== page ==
DAY TWO: Sunday, July 8th.
We kicked off the morning with the same annoying dashboard pop-up message that would bug us at the start of every single leg of this trip. Fortunately it didn’t foreshadow any automotive disasters later in the week. I trust Avis took care of it once we returned the SUV so it wouldn’t pester the next customer.
The nearly two-hour drive from Erie, PA, to Buffalo, NY, passed with little disturbance, very few cars in our way, and another parade of Niagara Falls Visitors Centers all the way up. We kept ourselves amused with a combination of daydreaming and commercial radio, checking out the local stations and hearing new songs from today’s hot singers who are complete strangers to us, some of whom are younger than my son.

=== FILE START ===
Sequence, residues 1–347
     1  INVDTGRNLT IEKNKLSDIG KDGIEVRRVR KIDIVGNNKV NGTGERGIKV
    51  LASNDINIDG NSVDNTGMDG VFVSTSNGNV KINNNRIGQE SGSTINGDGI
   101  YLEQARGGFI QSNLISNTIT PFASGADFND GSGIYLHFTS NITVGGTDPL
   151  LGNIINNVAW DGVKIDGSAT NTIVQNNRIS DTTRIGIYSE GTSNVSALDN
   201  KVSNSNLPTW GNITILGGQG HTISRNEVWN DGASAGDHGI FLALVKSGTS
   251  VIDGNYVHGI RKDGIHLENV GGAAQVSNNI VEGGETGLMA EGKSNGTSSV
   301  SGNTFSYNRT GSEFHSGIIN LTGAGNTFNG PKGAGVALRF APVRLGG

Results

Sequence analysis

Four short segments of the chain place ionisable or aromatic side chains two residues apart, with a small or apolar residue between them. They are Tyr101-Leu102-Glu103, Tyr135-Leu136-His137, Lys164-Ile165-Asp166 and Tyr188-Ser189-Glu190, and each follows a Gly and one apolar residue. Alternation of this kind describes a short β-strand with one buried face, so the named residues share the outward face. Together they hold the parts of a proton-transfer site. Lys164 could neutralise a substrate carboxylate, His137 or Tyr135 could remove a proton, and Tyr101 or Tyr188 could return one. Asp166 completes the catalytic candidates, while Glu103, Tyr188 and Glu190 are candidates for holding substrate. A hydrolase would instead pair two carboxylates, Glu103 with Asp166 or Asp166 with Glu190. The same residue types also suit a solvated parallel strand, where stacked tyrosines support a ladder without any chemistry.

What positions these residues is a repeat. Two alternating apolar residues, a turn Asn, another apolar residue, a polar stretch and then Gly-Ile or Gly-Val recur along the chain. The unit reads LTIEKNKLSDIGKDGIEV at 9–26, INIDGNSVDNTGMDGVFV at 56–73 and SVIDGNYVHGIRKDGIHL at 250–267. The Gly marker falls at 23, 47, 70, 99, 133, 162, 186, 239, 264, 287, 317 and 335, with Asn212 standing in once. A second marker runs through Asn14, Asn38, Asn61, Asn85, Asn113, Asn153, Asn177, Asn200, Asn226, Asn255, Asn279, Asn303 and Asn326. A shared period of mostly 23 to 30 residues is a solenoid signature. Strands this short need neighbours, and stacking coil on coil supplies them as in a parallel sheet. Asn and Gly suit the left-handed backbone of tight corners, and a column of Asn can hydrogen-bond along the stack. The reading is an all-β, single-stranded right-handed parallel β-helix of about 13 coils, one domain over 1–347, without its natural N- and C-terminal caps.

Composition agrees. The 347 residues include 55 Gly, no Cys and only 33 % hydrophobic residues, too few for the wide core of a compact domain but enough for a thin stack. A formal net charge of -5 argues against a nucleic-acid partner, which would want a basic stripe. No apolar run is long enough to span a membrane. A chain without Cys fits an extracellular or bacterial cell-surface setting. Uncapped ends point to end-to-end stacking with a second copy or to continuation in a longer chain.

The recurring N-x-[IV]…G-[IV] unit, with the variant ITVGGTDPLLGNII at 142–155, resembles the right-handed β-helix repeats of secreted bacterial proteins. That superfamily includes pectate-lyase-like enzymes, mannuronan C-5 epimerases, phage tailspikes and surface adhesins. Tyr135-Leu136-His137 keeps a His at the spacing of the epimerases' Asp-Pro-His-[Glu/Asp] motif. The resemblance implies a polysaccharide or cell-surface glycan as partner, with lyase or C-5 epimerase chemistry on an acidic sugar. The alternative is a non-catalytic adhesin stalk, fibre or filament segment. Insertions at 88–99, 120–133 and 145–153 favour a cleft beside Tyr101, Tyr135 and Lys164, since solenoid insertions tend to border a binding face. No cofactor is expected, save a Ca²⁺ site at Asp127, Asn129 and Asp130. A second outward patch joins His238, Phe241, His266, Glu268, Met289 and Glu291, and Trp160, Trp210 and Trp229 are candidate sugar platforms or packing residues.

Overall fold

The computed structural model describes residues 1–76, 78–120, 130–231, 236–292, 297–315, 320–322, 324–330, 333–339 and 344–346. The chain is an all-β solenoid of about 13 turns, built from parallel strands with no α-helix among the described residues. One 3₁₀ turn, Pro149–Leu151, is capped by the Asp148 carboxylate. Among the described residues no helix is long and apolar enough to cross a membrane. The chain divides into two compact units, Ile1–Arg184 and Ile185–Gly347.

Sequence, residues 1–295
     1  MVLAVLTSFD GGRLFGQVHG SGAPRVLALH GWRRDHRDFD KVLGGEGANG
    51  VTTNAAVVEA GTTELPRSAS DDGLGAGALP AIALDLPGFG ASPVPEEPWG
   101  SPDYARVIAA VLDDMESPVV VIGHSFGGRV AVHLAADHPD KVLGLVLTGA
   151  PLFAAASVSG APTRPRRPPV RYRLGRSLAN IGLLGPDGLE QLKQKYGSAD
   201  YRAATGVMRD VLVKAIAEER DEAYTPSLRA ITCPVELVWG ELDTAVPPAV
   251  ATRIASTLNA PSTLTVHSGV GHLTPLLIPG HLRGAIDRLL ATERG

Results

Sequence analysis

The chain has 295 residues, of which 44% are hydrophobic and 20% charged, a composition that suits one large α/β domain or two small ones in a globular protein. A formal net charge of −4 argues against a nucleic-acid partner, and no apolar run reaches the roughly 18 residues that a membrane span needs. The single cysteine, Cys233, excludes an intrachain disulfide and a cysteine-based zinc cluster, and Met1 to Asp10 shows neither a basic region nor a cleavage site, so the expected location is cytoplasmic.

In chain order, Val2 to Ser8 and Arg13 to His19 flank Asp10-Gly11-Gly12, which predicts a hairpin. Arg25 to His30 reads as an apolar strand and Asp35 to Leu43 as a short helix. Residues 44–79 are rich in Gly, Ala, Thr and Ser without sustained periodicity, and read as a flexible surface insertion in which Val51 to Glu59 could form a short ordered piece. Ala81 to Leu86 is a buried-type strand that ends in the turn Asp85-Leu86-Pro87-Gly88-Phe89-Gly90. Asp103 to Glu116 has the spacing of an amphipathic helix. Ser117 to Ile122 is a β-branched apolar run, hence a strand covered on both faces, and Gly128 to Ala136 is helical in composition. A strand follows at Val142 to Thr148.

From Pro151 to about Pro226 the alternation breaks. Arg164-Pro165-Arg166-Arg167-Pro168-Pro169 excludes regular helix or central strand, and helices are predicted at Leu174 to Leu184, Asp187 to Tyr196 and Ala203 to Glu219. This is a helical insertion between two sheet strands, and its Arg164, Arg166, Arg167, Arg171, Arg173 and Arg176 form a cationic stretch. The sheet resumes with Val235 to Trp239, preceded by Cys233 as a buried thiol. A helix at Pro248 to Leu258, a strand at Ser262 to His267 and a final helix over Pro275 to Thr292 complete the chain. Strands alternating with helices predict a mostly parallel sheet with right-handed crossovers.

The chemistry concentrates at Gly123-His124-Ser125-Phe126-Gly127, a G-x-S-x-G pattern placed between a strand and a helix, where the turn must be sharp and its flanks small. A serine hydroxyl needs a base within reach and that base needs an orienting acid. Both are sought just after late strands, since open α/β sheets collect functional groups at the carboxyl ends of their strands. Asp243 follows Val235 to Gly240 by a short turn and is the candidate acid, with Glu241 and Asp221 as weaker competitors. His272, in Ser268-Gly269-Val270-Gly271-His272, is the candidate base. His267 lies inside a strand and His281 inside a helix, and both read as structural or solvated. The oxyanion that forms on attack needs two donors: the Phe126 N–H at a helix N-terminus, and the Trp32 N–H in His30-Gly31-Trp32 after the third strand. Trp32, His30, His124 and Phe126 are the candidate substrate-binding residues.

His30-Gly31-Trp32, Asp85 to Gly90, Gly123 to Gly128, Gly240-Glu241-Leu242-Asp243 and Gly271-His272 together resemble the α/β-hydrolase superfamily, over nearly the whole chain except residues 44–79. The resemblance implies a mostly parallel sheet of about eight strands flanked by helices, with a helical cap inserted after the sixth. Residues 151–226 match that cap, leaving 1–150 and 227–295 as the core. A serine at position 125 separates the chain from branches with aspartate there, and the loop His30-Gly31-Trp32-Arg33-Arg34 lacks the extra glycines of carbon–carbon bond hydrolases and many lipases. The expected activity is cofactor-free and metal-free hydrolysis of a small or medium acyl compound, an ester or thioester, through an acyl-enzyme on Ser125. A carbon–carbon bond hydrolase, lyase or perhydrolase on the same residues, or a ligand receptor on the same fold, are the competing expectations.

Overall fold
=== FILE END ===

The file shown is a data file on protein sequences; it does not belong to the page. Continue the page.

Of the performers and tunes that peppered us throughout the week, I can say Ariana Grande’s “No Tears Left to Cry” was among the catchiest, Alessia Cara’s “Scars to Your Beautiful” inspired the most discussion over garbled lyrics, I still have no use for Shawn Mendes or Ed Sheeran, far too many high-pitched young ladies are stealing their shtick from Kate Bush and Tori Amos, and it took us three listens before realizing the thoroughly unnecessary cover of Toto’s “Africa” was the fault of Weezer. This is why I only listen to popular radio once or twice a year.